I recently visited the Kathisma Church in southern Jerusalem. The Katisma church was a Byzantine shrine from the 5th century. The building was octagonal with its focus being a rock in the center, allegedly the spot where Mary stopped to rest on her flight to Egypt. The structure existed for several hundred years, even going through a phase as a mosque, maintaining its internal octagonal space, even as rooms were added to the exterior. It got me thinking about a topic which seems to come up every once in a while in my head – octagonal buildings. Why did the octagon emerge as a somewhat common shape for buildings?
Most buildings (or parts of buildings) which have survived from the Byzantine era reflect the architectural sensitivities of the West. The many synagogues and churches from this era are mostly basilical in shape. A basilica is a rectangular building with an entry from the short side. The internal space is divided into 3 parallel sections – a central nave flanked by side aisles. The basilica was a development based on the Roman ideas of proportion and beauty, and as such, Western. In contrast, octagonal buildings reflect the Eastern sensibilities.
The most prominent octagonal building in Israel is the Dome of the Rock on the Temple Mount. Built in the 7th century, it survives today in its original shape (the mosaics have undergone renovation). Another notable octagonal building from the Byzantine period is the Domus Eclasia in Kfar Nahum.
And so one question which begs to be asked is whether eight is symbolic of some sort of religious/cultural ideal. Besides the architectural considerations, are there philosophical explanations of 8-sided buildings? Why is 8 important?
At the risk of sounding inane, the number 8 comes after the number 7. Seven represents the natural world. With no religious underpinnings, humans organize their lives around 7. It is said that 7 is the largest number you can gestalt, and so the largest intuitive number. Eight is already not easily graspable – you have to count eight objects.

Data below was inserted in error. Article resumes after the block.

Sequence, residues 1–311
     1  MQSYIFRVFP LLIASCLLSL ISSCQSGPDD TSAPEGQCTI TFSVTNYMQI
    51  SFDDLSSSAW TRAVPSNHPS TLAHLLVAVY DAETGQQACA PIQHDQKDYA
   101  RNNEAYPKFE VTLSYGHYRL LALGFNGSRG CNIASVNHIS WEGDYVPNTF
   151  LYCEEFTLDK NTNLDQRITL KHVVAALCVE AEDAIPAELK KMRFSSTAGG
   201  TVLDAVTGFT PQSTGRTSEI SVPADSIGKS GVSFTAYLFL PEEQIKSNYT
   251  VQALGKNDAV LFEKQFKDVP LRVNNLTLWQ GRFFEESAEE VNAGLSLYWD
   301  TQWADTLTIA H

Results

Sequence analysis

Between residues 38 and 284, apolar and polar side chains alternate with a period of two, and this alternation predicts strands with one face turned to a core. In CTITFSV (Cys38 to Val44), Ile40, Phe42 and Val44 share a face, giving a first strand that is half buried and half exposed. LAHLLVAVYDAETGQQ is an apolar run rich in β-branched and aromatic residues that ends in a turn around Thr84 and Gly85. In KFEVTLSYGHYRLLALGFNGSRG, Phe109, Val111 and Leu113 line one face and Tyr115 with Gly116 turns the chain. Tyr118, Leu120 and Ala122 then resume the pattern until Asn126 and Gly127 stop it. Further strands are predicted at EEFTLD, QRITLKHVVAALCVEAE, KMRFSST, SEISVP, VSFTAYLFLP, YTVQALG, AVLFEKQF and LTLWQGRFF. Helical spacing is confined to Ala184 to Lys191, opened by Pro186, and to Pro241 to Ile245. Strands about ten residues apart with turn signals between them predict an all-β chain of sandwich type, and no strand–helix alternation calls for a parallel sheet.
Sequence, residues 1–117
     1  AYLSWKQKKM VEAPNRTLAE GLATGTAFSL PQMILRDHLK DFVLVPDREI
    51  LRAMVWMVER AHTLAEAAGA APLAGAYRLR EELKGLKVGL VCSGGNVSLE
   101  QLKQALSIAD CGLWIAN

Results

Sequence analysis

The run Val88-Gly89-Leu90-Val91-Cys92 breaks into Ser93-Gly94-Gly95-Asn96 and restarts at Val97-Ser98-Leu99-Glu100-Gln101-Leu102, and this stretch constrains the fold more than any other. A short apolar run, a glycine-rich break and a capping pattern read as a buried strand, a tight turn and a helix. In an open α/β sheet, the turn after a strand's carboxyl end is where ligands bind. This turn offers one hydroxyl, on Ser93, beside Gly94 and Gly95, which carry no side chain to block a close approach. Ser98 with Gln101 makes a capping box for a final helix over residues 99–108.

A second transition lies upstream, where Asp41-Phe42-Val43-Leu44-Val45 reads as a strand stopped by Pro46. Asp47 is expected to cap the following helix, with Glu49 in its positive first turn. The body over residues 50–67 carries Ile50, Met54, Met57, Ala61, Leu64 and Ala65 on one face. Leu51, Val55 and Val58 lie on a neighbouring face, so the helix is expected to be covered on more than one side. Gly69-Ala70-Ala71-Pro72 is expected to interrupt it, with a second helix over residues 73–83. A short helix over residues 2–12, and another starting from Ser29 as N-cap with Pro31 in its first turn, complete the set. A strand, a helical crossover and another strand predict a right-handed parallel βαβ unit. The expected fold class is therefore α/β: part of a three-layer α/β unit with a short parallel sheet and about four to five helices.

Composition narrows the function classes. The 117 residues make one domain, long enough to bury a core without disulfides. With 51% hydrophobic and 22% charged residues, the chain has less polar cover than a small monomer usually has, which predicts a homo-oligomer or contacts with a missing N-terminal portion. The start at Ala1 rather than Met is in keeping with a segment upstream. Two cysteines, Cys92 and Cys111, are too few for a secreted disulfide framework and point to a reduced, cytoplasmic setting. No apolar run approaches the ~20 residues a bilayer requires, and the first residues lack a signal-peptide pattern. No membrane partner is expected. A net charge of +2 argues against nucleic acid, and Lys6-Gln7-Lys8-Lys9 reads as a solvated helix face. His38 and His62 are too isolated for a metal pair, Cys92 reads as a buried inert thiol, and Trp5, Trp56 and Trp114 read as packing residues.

Not so Seven. Seven is natural and Seven repeats, naturally. We have the 6 days of work and the one day (the seventh) as the day of rest. Then you repeat. Seven and start over. Or 7 musical notes in a scale. (The 8th note in an OCTAVE is actually the first note in the next group.) Seven and start over.
Eight represents that which goes beyond 7, which is above nature – supernatural. Like the song by the Beatles, loving someone “eight days a week” shows that you are not in the realm of normal. The first “8” in the Bible has to do with Abraham, the father of monotheism. He is commanded to circumcise his son, Isaac, on the 8th day. A human body is formed through natural means (7) and on day 8, the human body goes above and beyond nature. Other 8’s include the holiday of Shmini Atzeret, the “8” holiday, which follows the Festival of Tabernacles – Sukkot. There is the celebration of the harvest (natural) and then the holiday which pushes beyond the natural – Shmini Atzeret. Shavuot, Pentecost, comes after 7 cycles of 7 days. It is day 50, super x supernatural and the day on which the most supernatural event of the Jewish tradition occurs – the giving of the Torah on Mt. Sinai.
Also, the Temple is dedicated over 8 days, signifying the Temple’s role in helping people to go beyond the physical, natural world and reach something beyond themselves. And during the second Temple period, the holiday of Chanukkah celebrating the rededication of the Temple will last 8 days.
On a larger timescale, There are 6 years of planting and working fields, and one (the seventh) where the field lays fallow. The Jubilee year is the year which goes beyond the natural cycle and occurs in the 50th year (7 x 7 + 1).
In Christianity, Jesus reveals himself 8 times after he is resurrected. His name in Greek (where letters=numbers as in Hebrew gematria), totals 888.
Constantine understands this symbolism and so, when he dedicates major churches will celebrate for 8 days, and the shape of at least parts of the new churches will be eight-sided. Very often the octagonal sections will be the baptistries, those structures dedicated to baptism – the act symbolizing going beyond the physical and natural. This is the case throughout the centuries. The baptistery in Florence is an octagon and the baptismal font in Pisa is octagonal – both of these buildings were built in the Middle Ages well after the Byzantines. On a more eccleasitical level, the custom of local celebrations lasting 8 days will become prevalent in the church and are called “octaves”.
You may find all this a bit sketchy. After all, maybe they just liked octagons, or maybe an octagon was practically as close as they could get to a circle, or some other strictly practical reason. But I don’t believe that strict logic gives us the most complete story. How a society builds says as much about its character as what clothes you wear speaks volumes about a person’s personality. I have a house with blue stripes. That says something about me (I am not afraid to be different) and about the community in which I live (they allow houses with blue stripes). These elements are not random or practical, but thought out and reflect important values. Similarly, the octagonal structures were built with purpose and message. They are meant to inspire you to push beyond the natural boundaries and to connect with the extraordinary in your life.